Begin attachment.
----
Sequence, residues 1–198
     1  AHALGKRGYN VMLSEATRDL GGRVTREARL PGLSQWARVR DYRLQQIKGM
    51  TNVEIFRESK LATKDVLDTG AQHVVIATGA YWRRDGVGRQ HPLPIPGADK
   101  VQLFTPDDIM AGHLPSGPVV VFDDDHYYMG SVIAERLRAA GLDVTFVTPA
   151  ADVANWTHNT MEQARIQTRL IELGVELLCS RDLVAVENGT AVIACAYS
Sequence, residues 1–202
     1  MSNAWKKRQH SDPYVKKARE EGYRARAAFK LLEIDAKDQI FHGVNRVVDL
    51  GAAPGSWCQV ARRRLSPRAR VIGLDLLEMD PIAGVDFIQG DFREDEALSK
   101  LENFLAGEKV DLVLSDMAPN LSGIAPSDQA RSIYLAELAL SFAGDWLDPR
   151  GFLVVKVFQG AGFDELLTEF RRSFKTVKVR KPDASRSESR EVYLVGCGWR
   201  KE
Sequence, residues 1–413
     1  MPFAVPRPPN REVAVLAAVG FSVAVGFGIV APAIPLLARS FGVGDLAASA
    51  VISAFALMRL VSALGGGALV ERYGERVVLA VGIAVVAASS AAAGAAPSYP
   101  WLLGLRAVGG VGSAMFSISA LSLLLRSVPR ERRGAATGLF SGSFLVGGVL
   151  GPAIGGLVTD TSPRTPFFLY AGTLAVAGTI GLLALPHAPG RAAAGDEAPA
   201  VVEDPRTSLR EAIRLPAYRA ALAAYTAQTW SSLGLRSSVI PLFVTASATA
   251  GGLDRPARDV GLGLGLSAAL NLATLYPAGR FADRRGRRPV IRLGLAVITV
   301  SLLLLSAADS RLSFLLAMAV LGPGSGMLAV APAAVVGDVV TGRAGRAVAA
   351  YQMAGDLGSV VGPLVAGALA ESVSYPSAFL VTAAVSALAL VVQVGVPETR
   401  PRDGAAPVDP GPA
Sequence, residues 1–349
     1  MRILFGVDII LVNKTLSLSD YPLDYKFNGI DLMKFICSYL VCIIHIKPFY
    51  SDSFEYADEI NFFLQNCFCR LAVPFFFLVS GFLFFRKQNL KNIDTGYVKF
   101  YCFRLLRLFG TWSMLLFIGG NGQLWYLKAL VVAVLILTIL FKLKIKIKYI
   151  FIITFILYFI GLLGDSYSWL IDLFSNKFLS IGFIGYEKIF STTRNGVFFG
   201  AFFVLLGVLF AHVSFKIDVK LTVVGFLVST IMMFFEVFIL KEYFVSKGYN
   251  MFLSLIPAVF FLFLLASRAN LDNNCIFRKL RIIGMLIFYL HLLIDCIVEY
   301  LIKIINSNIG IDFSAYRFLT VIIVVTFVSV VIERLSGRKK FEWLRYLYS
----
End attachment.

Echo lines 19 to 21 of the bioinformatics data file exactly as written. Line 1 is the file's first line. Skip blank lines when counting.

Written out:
   301  SLLLLSAADS RLSFLLAMAV LGPGSGMLAV APAAVVGDVV TGRAGRAVAA
   351  YQMAGDLGSV VGPLVAGALA ESVSYPSAFL VTAAVSALAL VVQVGVPETR
   401  PRDGAAPVDP GPA